Jim Cielencki left KinkBMX and started a BMX/Skate shop called Sunday. Now Jim has started a bike company called Sunday so we had to fire off some questions to learn more about it all.
FATBMX: You recently started a BMX/skate shop. Was it always a dream to have your own shop?Jim Cielencki: Well, my partner J.P. and I have been talking about doing a shop for almost 8 years now, so I guess it was a dream. I have always hated going to shops where you couldn't find exactly what you wanted, the people were not riders and they were trying to nickel and dime you for the products. We all want instant gratification, so it is the best to be able to go and get a new video when you are bored. So yeah it was a dream, it is great and my video collection is getting bigger.
What shop did you drool over when you were a little kid?
Jim Cielencki: We didn't have any really good bike shops, they were only good because of the products. The people weren't anything great, but our skateshop was really cool. It was called Endless Summer and we would skate the 5 miles to get to it if our parents wouldn't give us a ride. They just had everything and they were super cool. There would be contests and jams, so it was great. One of the biggest influences was this shop in Rochester, New York called Samurai. To this day people still talk about it and how much fun it was to skate out front. We purposely put the shop on a one way street like Samurai, so kids could skate and ride out front without worrying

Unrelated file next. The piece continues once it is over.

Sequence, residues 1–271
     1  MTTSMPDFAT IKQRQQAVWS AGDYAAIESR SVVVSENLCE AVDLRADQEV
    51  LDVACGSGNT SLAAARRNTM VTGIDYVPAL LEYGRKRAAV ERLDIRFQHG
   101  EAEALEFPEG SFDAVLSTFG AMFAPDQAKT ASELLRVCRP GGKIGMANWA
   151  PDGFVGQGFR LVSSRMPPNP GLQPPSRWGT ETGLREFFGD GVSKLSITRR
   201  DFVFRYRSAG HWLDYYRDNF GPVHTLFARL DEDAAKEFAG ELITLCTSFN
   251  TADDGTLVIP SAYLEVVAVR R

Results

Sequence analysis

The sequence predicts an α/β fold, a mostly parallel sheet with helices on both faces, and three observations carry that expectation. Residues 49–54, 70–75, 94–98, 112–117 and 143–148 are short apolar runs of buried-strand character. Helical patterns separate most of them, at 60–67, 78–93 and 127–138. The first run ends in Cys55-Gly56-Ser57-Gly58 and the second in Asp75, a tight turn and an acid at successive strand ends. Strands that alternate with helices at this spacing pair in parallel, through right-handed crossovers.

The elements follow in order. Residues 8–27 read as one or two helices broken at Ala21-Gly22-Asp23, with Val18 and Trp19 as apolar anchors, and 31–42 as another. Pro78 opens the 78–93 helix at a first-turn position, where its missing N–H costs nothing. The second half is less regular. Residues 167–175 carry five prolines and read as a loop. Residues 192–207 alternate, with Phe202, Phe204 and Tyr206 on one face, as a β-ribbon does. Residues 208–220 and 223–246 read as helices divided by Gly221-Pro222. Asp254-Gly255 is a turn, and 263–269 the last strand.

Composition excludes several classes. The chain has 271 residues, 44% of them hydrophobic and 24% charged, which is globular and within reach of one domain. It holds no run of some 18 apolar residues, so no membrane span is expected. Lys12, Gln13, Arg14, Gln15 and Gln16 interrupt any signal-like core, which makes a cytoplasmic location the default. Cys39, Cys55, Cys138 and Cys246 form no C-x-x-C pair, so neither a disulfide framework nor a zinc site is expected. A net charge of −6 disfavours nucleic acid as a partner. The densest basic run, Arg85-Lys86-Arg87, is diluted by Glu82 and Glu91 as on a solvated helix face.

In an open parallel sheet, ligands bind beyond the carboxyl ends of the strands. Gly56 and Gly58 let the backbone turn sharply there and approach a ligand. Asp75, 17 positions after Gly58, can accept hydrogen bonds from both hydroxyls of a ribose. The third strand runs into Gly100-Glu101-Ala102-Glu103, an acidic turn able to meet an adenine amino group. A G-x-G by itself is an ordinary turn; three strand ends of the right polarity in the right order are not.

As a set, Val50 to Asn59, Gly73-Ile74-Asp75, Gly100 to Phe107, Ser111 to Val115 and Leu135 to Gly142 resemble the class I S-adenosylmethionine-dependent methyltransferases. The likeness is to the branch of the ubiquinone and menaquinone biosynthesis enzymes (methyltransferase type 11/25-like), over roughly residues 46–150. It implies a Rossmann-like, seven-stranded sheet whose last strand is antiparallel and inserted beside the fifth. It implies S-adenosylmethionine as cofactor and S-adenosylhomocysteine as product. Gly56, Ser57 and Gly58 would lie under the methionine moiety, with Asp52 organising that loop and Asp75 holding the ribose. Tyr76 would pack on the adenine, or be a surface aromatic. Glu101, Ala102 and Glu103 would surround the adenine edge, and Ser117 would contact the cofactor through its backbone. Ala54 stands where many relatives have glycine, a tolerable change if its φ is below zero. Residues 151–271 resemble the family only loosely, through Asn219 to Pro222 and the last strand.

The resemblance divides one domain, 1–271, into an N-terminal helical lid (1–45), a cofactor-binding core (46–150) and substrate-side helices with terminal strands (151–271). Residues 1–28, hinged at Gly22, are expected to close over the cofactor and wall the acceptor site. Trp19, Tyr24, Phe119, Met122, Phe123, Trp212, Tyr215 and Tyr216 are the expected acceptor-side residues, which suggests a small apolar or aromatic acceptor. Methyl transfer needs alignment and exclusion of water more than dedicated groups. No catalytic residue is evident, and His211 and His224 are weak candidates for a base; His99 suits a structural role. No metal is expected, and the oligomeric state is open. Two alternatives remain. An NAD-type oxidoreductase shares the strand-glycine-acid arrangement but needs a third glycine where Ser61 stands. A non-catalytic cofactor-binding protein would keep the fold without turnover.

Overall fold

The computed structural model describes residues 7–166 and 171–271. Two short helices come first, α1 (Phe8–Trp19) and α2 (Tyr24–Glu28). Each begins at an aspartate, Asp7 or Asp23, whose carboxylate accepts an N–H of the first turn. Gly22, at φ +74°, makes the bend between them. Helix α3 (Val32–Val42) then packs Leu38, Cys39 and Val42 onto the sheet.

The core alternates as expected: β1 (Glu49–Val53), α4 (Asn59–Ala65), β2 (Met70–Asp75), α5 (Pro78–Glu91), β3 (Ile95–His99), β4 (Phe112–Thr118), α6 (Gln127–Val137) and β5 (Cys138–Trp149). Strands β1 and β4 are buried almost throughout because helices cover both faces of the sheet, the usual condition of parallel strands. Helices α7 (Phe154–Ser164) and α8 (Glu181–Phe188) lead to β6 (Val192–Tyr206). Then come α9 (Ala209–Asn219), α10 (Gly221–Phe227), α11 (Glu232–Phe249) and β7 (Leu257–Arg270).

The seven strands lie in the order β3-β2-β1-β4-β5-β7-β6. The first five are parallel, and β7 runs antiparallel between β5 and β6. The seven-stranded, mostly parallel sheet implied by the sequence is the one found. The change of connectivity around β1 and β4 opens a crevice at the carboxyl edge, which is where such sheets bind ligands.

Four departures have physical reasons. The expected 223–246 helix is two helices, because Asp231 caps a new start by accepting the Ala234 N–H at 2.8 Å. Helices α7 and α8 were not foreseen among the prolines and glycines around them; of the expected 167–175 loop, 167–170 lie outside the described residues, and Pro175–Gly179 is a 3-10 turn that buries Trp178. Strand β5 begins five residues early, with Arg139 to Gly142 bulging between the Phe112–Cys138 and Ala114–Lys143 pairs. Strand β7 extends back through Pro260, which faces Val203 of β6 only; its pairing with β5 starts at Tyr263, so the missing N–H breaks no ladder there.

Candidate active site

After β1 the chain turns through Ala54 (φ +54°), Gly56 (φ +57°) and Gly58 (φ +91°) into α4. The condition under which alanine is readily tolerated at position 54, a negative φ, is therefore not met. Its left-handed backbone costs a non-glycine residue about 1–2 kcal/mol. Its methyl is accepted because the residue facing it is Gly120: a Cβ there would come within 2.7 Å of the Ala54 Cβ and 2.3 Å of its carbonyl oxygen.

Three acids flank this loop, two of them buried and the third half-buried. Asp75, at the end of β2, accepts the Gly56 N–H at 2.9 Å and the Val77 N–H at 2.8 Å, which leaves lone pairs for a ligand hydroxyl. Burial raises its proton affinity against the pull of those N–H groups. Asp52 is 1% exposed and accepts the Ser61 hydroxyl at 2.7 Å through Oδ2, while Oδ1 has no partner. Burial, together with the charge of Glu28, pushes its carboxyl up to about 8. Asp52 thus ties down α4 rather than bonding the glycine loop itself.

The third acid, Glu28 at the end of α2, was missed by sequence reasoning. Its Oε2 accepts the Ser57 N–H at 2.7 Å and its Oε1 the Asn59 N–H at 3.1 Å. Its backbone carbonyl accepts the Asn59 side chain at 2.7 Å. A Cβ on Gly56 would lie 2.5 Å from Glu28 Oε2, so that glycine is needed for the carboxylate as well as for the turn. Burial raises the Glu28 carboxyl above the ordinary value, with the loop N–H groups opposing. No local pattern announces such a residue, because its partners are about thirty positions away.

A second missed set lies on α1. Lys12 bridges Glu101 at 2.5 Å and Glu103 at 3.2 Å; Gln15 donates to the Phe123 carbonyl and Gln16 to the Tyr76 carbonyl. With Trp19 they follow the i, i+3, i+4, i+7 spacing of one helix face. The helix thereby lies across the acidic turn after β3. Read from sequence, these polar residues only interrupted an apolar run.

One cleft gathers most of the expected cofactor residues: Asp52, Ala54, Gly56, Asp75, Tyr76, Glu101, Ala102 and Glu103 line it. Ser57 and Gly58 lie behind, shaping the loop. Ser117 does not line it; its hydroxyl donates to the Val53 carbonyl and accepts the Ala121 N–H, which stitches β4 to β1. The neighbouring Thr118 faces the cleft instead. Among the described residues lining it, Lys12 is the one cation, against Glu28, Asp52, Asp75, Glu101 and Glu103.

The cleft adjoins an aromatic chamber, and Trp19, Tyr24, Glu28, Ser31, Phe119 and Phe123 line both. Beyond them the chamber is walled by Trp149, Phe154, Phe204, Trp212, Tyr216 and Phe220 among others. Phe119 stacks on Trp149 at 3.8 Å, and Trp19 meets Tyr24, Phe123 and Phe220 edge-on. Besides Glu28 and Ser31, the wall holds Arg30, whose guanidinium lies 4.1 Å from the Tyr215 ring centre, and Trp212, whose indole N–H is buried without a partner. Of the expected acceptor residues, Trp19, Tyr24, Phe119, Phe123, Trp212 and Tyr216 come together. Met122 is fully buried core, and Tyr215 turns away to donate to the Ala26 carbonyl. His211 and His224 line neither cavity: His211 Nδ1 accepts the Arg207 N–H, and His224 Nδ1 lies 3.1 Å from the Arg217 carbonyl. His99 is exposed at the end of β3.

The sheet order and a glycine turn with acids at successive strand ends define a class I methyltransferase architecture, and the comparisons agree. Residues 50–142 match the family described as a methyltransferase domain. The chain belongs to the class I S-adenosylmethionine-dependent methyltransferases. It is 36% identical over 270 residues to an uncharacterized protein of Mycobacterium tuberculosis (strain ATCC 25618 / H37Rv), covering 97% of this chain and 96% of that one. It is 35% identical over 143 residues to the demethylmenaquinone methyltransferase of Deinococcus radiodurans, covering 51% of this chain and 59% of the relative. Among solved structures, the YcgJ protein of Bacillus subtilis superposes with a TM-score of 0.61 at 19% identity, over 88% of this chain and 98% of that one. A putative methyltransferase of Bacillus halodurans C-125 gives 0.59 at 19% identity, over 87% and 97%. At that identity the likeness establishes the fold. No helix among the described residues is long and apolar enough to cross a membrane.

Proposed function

about getting hit by cars. They only have to look one direction and it is
residential, so cars are going slower. We just want to have a place that kids can meet up and go ride or skate, basically a destination point, but it ends up uniting the scene a little better.
After spending years with KinkBMX, you are now starting your own bike brand as well called Sunday. Is it to promote your shop in your area or are we dealing with a serious player here?
Jim Cielencki: Well, I spent seven years with Kink, it is wild to think that it has been that long. I have seen so much in those past seven years and I would love to keep doing this role, but there are bigger and better fish to fry. Life is once and in the end I would love to tell my grandkids that I had a bike company that took riders around the world and did all this wild stuff. It isn't just to promote my shop, I want to do as much as I can with it. Right now, I have a lot of ideas that I would like to do and they only seem possible doing them by myself.
What products are you going to bring out soon next to T-shirts and stickers?
Jim Cielencki: I am starting with forks and bars for the moment, but there should be a frame sample poking around here soon enough. My fork sample just came in and I think it is good right now, but I want to ride it for a little bit. There will probably be some other products coming as the idea of Sunday becomes clearer. Otherwise I want to improve what I am riding right now and make stuff that riders would be psyched on.
Taiwan or USA made? and for what reason?